After two days of wandering the city and meeting some interesting folks on the streets, I descended on Via Via Restaurant right next to the Mekong River for dinner on my last full evening in Vientiane.

As with all restaurants in Laos, Via Via had the standard yellow and green sign out front with a photo of a large bottle of Lao Beer. That is where its similarities with other restaurants I visited in the capital city stopped. On my first night in the city, I was struck by the unique atmosphere at this pizza restaurant.

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Traditional Italian music bellowed out from the speakers while waitresses frantically took orders and delivered drinks to patrons.  The unique mix of European expats, tourists, and locals resonated, as I heard orders taken in Laotian, French, and English on my first pass by the restaurant. I was intrigued and knew I would make my last meal in Vientiane a memorable one at this fine establishment.

After seeing the sun set over the Mekong the following day and checking out the night market, I made my way back to Via Via and was fortunate enough to grab a seat right outside of the restaurant itself but also not quite on the sidewalk. With a seat like this I could monitor what was happening both inside and outside the restaurant.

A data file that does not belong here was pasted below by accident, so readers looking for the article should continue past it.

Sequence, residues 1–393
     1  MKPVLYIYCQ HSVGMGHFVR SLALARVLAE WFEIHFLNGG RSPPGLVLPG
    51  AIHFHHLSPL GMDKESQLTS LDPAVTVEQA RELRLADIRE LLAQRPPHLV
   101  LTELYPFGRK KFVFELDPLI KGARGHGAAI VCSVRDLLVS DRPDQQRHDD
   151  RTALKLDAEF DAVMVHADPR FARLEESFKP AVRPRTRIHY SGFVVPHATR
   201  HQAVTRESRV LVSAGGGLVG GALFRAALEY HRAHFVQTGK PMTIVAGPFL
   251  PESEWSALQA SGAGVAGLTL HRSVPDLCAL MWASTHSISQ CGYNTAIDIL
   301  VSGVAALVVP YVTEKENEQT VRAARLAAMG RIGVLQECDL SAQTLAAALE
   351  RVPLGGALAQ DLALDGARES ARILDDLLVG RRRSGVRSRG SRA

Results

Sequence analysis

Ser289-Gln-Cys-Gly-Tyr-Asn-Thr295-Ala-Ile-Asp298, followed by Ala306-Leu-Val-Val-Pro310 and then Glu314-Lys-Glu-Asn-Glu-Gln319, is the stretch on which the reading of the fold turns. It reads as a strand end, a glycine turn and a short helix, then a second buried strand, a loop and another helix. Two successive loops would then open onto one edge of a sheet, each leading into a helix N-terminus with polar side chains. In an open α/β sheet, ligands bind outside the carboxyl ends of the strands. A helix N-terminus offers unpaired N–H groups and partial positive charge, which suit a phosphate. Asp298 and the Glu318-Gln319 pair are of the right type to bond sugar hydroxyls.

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Usually I do not drink soda when I am either at home or on the road, but I had a very special chance to order a Laotian Pepsi, served up in a glass bottle without any English labeling. For someone accustomed to international travel throughout Asia, I  was surprised by a native language Peopsi bottle. I had to take a photo. More than likely, I will not have the chance to sample this kind of Pepsi again.

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As the night wore on, patrons were quick to grab a Beer Lao and then head off into the Vientiane haze, either back to their hotel or to another cafe or dining establishment. I decided to order a Beer Lao and a pizza and wait it out for an hour or so at Via Via. Even though Beer Lao is a state-sponsored beer, it tasted very good. Such a pleasant surprise on this balmy December evening.

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With my Beer Lao in hand, I ordered their version of a supreme pizza and started to write in my travel journal when a British couple sat down next to me. They were old but certainly not elderly. Jim had wiry grey hair and wore a nice blue polo to compliment his thick black framed glasses. His wife was wearing a white shirt and carried a nice handbag. I can still see the two of them as I write this article.

They were quiet at first, but as soon as my mouth-watering pizza arrived, they started talking. It was for good reason, too. They wanted to know what kind of pizza I had ordered because it looked so good. Take a look for yourself: